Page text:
Adrian Peterson's Rushing Title Doesn't Mean Squat


Before even kicking off the 16th game of the 2015 season, Adrian Peterson had locked up his 3rd rushing title in his career. His closest competitor, Doug Martin, came up 16 yards short before the first snap, and ultimately 83 yards separated Adrian from the next best. At the end of the regular season, Adrian Peterson’s 1,485 yards was the best in the league. Looking at social media, I think people misconstrue that to mean something it doesn’t. Adrian Peterson may have gotten the most yards, but that’s all that means. It doesn’t mean he was the best, and it certainly doesn’t mean Peterson was the only reliable facet of our team. However, a narrative is beginning to evolve that Adrian Peterson carried his team to the playoffs, just like he did in 2012. This especially comes into play when trying to evaluate Teddy Bridgewater. On April 8, Ross Tucker tweeted about Bridgewater. The replies were littered with references to the Vikings’ success being attributed to Peterson, rather than our quarterback.

Also, just for fun:

There seems to be a general notion that the team carried Bridgewater, and the nucleus of that notion is that Adrian Peterson was the best running back in the NFL. After all, he got the most yards, right? Maybe that’s true; I won’t get into a stat-validity argument today. But that narrative also implies that having the best (or at least most productive) running back in the NFL means you let him carry you to the playoffs, which isn’t true.

To have a running back carry you to the playoffs, he needs to have a disproportionately good performance. Anything over 1,000 yards is a good offensive contribution, but a good offensive contribution doesn’t carry an offense. It needs to be something special. It’s no secret that Adrian Peterson is a special running back, but 2015 was not a special year. It was just good. I want to emphasize that I am completely throwing out all past seasons from Peterson, and comparing only the 2015 iteration. Examine his career, and you’ll see a Hall of Famer. Examine 2015, and you’ll see a good running back who can carry his weight and his weight only.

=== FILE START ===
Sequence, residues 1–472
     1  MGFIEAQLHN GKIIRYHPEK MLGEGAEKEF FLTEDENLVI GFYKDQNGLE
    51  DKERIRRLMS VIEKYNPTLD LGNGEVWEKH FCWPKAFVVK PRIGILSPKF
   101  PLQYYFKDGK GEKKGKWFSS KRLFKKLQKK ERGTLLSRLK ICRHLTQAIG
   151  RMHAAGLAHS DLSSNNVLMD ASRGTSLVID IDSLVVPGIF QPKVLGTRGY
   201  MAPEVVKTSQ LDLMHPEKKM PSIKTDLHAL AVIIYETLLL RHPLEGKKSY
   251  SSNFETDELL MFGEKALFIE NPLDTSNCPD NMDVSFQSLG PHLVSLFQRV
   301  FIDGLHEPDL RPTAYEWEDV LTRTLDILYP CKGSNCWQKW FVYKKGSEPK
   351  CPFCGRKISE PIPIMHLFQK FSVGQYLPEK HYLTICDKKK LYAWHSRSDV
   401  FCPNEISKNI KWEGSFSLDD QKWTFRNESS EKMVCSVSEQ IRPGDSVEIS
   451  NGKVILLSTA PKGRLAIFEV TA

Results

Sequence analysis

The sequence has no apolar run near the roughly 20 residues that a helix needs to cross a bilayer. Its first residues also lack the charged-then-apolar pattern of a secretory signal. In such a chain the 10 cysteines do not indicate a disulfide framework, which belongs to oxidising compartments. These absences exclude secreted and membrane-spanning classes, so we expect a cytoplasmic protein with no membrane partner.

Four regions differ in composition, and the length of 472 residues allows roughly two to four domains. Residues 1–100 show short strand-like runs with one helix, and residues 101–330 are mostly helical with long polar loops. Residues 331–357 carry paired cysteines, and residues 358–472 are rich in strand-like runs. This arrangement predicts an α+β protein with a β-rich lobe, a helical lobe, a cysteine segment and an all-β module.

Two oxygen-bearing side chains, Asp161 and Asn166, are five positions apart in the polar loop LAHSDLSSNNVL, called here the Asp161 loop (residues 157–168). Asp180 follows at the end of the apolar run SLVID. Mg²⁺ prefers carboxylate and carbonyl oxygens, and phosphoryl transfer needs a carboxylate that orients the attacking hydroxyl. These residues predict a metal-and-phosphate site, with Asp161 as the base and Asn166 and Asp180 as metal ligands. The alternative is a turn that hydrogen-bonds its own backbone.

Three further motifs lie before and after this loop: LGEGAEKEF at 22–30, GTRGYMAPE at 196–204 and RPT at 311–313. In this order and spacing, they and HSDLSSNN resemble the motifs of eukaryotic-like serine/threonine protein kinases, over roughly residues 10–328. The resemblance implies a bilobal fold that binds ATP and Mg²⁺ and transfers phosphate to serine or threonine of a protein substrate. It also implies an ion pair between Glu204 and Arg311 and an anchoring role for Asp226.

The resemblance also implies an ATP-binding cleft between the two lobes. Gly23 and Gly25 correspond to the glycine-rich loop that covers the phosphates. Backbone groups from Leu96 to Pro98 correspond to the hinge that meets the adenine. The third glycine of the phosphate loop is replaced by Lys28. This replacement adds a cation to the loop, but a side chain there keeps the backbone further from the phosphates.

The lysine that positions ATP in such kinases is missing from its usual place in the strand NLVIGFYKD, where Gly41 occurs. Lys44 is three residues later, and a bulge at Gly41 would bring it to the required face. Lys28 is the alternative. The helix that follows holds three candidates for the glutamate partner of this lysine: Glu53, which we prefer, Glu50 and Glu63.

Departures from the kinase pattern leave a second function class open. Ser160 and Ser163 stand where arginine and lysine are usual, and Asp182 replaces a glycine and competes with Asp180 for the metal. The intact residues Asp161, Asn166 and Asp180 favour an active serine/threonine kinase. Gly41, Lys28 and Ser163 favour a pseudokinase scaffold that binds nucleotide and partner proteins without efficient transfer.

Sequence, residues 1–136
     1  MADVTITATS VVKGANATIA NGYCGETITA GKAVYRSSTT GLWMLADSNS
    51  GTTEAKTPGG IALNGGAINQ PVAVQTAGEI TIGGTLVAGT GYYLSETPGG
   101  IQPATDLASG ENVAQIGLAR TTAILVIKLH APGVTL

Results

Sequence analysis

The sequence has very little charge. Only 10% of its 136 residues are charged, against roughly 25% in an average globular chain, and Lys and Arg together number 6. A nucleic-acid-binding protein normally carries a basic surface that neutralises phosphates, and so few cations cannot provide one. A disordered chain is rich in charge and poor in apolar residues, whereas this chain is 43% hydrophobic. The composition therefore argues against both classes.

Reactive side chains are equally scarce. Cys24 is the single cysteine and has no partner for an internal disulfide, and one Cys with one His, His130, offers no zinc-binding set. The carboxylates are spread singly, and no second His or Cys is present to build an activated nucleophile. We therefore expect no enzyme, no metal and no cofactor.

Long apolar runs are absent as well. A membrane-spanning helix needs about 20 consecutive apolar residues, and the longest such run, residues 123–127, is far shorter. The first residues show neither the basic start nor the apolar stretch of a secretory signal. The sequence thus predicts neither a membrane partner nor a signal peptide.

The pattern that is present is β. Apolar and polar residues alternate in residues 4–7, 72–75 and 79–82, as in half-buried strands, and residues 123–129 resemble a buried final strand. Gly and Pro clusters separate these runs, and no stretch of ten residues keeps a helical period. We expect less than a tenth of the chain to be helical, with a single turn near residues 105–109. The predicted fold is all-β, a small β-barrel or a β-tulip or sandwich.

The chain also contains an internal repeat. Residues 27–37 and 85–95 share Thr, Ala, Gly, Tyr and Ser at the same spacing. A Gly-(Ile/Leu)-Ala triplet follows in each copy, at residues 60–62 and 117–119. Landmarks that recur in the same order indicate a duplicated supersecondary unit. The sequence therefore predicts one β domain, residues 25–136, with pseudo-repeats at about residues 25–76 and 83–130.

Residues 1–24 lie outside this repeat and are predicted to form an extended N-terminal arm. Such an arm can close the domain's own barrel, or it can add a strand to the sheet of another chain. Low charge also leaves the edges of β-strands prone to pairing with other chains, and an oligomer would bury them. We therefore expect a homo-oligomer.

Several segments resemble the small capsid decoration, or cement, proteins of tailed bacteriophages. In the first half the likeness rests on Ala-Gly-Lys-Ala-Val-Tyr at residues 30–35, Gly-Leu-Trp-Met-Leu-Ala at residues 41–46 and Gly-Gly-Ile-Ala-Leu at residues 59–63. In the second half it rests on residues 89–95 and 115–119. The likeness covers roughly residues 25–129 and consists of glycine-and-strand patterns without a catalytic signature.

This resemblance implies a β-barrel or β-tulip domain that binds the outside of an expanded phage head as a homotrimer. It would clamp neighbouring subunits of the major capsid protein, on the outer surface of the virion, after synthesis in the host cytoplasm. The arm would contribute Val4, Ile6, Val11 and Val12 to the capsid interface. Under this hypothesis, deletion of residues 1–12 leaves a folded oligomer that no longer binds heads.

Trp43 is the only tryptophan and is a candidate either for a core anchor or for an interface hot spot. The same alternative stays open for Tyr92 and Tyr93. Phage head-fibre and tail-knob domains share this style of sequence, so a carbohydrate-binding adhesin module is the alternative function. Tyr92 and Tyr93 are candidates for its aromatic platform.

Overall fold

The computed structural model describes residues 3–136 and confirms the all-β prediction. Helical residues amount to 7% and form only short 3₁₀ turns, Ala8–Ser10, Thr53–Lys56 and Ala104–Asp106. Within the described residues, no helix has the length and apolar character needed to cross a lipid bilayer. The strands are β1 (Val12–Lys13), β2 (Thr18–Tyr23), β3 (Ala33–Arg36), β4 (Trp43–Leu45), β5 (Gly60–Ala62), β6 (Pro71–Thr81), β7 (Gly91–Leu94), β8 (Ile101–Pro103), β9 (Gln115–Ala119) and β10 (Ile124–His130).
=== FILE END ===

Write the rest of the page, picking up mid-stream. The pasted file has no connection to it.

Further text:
One way to put a rushing performance into context is to compare it to other rushing performances. This year’s rushing leader had 1,485 yards. Since our Quarterback was born (1992), there has only been one instance of a lower total yardage from the league leader: LaDanian Tomlinson in 2007. And the rest aren’t even close. In that same period, 14 of 22 rushing titles have been awarded to people with more than 186 yards on Peterson, or two games at his average of 92.8 Y/G. 2015 was a down year for running backs with several high-profile injuries skewing the competition. Le’Veon Bell, Jamaal Charles and Marshawn Lynch all missed significant time.

On top of the lack of competition, Adrian Peterson had the most attempts in the league, beating runner up Doug Martin by 39 (two games worth). For this, and other reasons, total yards probably aren’t the best indicator of overall contribution. We could go to the truly in-depth metrics like DVOA (17th) and PFF grade (T-27th), but those stats tend to be contentious. Take them for what they’re worth. For now, we’ll stick with Y/A, or yards per attempt. Adrian Peterson averaged 4.5 Y/A, which ties him for 15th in the league with DeAngelo Williams. When adjusting only for attempts, he ranks below Mark Ingram, CJ Anderson and Cam Newton. In fact, that’s his 2nd lowest season Y/A in his career. Comparing this to other rushing leaders in the same time period, only two titles have been given to running backs with lower Y/A: 1999 Edgerrin James and 2000 Edgerrin James. Against Jerrick McKinnon’s 5.1 Y/A, Peterson doesn’t even lead the team. 4.5 Y/A is nothing to sneeze at, but it’s a far cry from “carrying the offense” like he used to.